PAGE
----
Concern over rise in number of child pedestrians killed on roads

“Serious concerns” have been raised about a rise in the number of child pedestrians and older motorists dying on Britain’s roads.

New data from the Department for Transport (DfT) revealed reported road deaths fell from 1,793 in 2017 to 1,784 in 2018, while road casualties fell from 170,993 to the lowest level on record at 160,597.

But the number of fatalities aged 60 and over in reported road accidents rose by 5% from 559 to 588 while the number of pedestrians aged 15 and under who were killed rose by more than a quarter from 22 to 28 during the same period.

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The Royal Society for the Prevention of Accidents (RoSPA) said the figures were a “serious concern” and said there was a “lack of significant progress towards reducing road deaths”.

RoSPA is urging the Government to introduce road safety targets to help prevent futures deaths.

Its acting head of road safety Nick Lloyd said: “It is disappointing to see there has been little to no improvement in the number of fatalities on our roads.

“In light of this, we continue to urge the Government to implement road safety targets to help prevent tragedies in the coming years.

“It is particularly concerning to see an increase in the number of older drivers and riders being killed and also a rise in the number of older road users being killed or seriously injured – which was up by 9%.

“Last year RoSPA called for greater emphasis to be placed on pedestrian training for children. This remains a priority for us, as the number of child pedestrians killed in road accidents have risen from 22 in 2017 to 28 in 2018.”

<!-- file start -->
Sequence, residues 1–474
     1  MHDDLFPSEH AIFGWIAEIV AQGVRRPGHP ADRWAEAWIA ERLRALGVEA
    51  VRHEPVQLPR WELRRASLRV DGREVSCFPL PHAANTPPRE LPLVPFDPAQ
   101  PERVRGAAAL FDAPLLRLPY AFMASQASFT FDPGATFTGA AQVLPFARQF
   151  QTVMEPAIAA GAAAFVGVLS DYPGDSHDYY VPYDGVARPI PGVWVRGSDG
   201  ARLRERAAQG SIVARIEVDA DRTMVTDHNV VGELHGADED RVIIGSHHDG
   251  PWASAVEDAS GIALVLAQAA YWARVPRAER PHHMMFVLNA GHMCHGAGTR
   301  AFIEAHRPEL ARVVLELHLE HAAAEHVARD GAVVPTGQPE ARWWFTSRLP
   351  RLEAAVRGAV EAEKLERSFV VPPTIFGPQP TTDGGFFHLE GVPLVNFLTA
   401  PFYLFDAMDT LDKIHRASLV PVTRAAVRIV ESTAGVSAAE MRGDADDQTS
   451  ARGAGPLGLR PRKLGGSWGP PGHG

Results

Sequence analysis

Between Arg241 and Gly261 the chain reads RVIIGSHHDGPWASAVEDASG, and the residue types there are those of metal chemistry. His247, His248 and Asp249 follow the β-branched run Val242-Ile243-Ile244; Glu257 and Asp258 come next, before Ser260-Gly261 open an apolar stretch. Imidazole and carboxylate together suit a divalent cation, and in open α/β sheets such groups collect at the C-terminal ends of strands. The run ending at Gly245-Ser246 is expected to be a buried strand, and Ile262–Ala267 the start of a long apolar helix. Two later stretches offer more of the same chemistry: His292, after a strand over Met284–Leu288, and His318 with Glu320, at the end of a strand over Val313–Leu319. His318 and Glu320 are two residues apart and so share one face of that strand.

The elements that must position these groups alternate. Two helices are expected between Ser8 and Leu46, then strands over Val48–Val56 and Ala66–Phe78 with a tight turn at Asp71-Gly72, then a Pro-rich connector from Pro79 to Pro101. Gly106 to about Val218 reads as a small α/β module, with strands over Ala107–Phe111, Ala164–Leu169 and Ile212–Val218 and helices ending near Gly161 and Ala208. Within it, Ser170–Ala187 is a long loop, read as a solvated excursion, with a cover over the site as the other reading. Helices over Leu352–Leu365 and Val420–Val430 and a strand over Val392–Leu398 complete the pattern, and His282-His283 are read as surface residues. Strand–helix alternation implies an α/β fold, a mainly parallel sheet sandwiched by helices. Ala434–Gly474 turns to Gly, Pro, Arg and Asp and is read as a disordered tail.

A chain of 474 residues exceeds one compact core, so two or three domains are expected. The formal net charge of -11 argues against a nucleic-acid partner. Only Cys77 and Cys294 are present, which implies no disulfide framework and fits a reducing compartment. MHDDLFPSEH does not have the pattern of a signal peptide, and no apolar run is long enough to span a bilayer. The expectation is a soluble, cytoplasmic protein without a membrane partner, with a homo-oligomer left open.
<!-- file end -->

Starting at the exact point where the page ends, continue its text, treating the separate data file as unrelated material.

The new data showed that the total number of child casualties – including car passengers – fell by 9% to 14,266, the lowest year on record

The report also said that the rising number of people aged 60 and over could explain why more elderly people were killed or injured on Britain’s roads.

It added: “This relatively rapidly growing population may partly explain the upturn in fatalities and killed or seriously injured casualties seen for this age group in the last few years.”

The RAC said the new data made “disappointing reading” and that there had been “no meaningful reduction in fatalities” nationally for seven years in a row.

Its head of policy Nicholas Lyes said: “Of particular concern are the rises in fatalities among older age groups and a spike in fatalities on motorways – some worrying trends are emerging here that require immediate investigation, to understand the reasons for these increases and what can be done to reduce them.

“In addition, the Government’s data suggests an increase in motorway collisions where at least one driver has been under the influence of illegal drugs.”

The statistics showed that motorway fatalities had risen by 8% to 107 in 2018, while the number of reported accidents on motorways where a driver had been impaired by illicit or medicinal drugs rose by nearly 50% from 39 in 2017 to 57 in 2018.

Transport Secretary Grant Shapps said: “Any death on our roads is one too many and as these statistics show, there is still work to be done.

“We are progressing more than 70 different measures to help improve safety at pace, for everyone from infants in car seats to those with years of driving experience.

“I have also asked the department to urgently look at technological interventions to help reduce the number of young drivers killed, and I look forward to progress on this work in the coming months.”